Grants let undergrads turn summer into a research experience

Sanjana Basak in lab

Ten University of Oregon undergraduates had the chance to spend part of the summer honing their research skills through programs that offered a chance to pursue their own scholarly projects.

The students were chosen for one of two types of research grants: First Year Research Experience and Summer Undergraduate Research Fellowship. The ​​Center for Undergraduate Research and Engagement, which hands out the awards, provides comprehensive support to undergraduate students participating in undergraduate research, with a particular focus on fostering a culture of academic inquiry and faculty engagement.

“It is such a privilege to have the opportunity to work with such highly skilled and motivated individuals,” said Lanch McCormick, director of student engagement at the undergraduate research center. “Beyond the summer research funding support, we aim to build a community of undergraduate research scholars by providing advising support and professional development opportunities that will enable them to continue to strengthen their academic portfolio.”

Grant recipients Sanjana Basak and Jazmin Hernandez said they were elated to be able to do research during their first year at UO. The First Year Research Experience “provided me my first experience with directing my energy to a single, specific research project,” said Basak, a biochemistry major researching a form of corneal dystrophy. 

“The excitement and responsibility of being an active collaborator motivated me to tackle more scientific papers and initiate more discussions with my mentors,” Basak said. “It’s an amazing experience to witness an experimental process at any stage, but especially at the beginning when a researcher is exhilarated by the prospect of diving down the experimental rabbit hole.”

Hernandez, who is leaning towards a global studies major, is researching perspectives of the Braceros between 1942 and 1964. She is specifically researching Bracero men, who left their homes and families in Mexico to come to work in the United States.

“Uncovering hidden parts or unknown pieces is what excites me most about research because it means you looked deeper through different eyes to find something you didn’t know existed,” she said.

Summer Undergraduate Research Fellowship recipients Audra McNamee and Ashia Wilson also seized on the opportunity to research during their time as undergraduates. McNamee, a math and computer science major who plans to graduate in 2022, is researching an innovative neuroscience outreach effort using comics. 

“I really believe in science comics as a form of scientific communication. I think they’re a good way to grab a reader’s attention, and that their visual presentation is a natural way to clearly explain tricky scientific topics,” McNamee said.

She feels grateful to continue making the comics for her research, as well as for other science topics. She is working with biology professor Luca Mazzucato to create a comic explaining psychedelics and the ramifications of Oregon’s Measure 109, which establishes a pathway for legal psilocybin therapy.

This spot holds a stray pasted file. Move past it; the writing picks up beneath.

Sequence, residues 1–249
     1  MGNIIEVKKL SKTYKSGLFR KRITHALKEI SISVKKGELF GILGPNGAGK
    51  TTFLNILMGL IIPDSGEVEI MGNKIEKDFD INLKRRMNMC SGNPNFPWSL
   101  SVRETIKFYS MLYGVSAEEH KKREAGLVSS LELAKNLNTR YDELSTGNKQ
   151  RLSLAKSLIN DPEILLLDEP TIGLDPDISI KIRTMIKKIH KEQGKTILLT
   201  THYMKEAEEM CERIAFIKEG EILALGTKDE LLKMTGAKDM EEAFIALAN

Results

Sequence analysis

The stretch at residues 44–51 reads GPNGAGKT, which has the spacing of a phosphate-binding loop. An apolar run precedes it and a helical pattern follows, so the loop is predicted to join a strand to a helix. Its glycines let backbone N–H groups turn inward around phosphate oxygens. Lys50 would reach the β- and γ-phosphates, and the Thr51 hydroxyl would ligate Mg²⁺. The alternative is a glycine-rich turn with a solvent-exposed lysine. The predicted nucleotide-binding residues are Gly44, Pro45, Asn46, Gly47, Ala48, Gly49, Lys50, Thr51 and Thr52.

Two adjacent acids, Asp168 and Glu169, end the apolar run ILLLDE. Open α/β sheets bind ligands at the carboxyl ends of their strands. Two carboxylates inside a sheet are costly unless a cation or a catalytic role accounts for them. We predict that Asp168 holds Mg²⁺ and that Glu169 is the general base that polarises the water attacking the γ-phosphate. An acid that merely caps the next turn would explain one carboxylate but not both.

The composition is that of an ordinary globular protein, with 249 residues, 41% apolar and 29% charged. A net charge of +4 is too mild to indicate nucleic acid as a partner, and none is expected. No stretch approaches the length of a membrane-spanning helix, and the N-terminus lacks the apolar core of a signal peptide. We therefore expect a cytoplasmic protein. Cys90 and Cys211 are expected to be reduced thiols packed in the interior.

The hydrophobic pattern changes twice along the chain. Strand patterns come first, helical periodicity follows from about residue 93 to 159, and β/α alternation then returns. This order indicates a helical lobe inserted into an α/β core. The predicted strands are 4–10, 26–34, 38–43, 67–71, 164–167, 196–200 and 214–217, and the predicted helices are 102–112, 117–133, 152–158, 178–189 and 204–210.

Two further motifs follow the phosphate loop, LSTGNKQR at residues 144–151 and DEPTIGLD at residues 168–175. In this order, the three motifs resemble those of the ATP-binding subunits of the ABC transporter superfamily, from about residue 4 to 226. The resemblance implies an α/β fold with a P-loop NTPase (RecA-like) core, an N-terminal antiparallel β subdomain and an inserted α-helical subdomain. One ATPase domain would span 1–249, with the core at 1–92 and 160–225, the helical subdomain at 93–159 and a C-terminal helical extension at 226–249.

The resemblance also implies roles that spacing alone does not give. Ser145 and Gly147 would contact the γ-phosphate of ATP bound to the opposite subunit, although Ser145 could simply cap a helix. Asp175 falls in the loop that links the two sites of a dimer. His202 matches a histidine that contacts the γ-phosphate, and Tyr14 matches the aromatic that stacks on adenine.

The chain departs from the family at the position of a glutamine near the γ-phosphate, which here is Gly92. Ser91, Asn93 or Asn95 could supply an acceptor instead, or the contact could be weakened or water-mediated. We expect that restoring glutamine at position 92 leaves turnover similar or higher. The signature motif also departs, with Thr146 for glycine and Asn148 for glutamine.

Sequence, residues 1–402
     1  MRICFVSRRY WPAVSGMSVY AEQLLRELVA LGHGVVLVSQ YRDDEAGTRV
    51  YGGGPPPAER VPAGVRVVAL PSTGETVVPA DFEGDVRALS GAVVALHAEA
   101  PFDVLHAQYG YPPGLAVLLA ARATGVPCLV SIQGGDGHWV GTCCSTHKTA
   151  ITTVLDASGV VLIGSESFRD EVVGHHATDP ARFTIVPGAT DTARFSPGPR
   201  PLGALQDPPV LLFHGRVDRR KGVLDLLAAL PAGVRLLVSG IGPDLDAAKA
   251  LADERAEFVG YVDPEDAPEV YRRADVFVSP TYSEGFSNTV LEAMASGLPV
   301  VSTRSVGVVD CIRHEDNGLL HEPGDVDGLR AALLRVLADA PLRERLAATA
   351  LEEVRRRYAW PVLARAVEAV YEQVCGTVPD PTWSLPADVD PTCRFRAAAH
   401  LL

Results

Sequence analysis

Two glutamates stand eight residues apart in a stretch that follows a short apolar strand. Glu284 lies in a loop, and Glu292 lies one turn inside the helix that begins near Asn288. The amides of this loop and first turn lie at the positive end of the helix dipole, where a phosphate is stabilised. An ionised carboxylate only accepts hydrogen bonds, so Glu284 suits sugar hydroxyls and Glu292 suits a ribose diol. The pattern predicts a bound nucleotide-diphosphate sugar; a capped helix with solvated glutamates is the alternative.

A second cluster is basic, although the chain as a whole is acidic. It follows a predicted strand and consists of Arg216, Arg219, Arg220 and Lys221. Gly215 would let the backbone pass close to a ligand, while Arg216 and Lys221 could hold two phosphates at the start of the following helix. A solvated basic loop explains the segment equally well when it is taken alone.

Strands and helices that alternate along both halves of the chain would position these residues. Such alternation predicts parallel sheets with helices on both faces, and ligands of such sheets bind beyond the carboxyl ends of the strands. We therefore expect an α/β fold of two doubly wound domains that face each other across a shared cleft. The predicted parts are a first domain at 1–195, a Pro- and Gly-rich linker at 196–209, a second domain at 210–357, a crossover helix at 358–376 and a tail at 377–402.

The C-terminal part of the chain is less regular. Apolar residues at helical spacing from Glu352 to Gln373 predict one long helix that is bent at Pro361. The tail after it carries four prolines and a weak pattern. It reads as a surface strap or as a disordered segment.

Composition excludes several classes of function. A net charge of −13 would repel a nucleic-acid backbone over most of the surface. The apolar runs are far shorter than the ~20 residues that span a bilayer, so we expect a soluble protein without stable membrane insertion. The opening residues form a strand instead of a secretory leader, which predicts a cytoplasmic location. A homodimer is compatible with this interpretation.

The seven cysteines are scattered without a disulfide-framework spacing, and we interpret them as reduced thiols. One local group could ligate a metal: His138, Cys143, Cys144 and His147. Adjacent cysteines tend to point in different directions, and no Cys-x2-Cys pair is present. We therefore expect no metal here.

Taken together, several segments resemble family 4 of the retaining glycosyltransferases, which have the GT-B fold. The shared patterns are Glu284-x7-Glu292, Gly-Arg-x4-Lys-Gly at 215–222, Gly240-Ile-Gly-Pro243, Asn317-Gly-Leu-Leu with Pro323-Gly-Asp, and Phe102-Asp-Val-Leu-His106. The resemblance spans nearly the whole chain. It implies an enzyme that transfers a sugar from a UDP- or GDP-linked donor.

Wilson is going into her junior year and plans to major in environmental studies and double minor in legal studies and Native American and Indigenous studies. Wilson’s research experience has provided her an opportunity to look into methane emissions in hydropower reservoirs.

“Although hydropower energy, specifically dams, are marketed as clean energy through corporations and governments, they are not clean energy and should not be considered solutions,” Wilson said. “My research focused on the relationship between dams and methane, which alone promotes and creates so many detrimental impacts on our ecosystems, public health and the global warming crisis.”

She said she feels her research provides audiences with a wake-up call about the downside of those energy sources.

Both the summer programs provide students with opportunities to further research they are already doing in their field.

“Connecting with other students was a really good grounding experience, especially during the pandemic,” McNamee said. “Because so much of my work is done alone, often in my house, it is nice to have a group of peers who can remind me that everyone is experiencing both frustration and excitement on their research topic.”

Wilson said the grant allowed her to feel more ownership of her work.

“I was nervous and unsure about fulfilling my research project, like I was not smart enough, but it is just a learning experience that offers so much room for development,” she said.

The 2021 winners of the First Year Research Experience award are:

  • Nayantara Arora, neuroscience; mentor: Ulrich Mayr
  • Sanjana Basak, biochemistry; mentor: Balamurali Ambati
  • Jazmin Hernandez, exploring global studies, double major; mentor: Julie Weise.
  • Eliza Lawrence, biochemistry and journalism; mentor: Ellen Peters.
  • Sera Lew, psychology and global studies; mentor: Dare Baldwin.

The 2021 winners of the Summer Undergraduate Research Fellowship award are:

  • Mashal Rahmati Copperman, environmental science; mentor: Brendan Bohannon.
  • Isabelle Cullen, neuroscience; mentor: Matt Smear.
  • Nathan Malamud, math and computer science; mentor: Stilianos Louca.
  • Audra McNamee, math and computer science; mentor: Luca Mazzucato.
  • Ashia Wilson, environmental studies; mentor: Alai Reyes-Santos.

For more information on this year’s award winners and their research, visit the CURE award recipients page. Anyone interested in applying for one of the grants should continue to check center’s website for application information starting in winter 2022.

—By Alyson Johnston, University Communications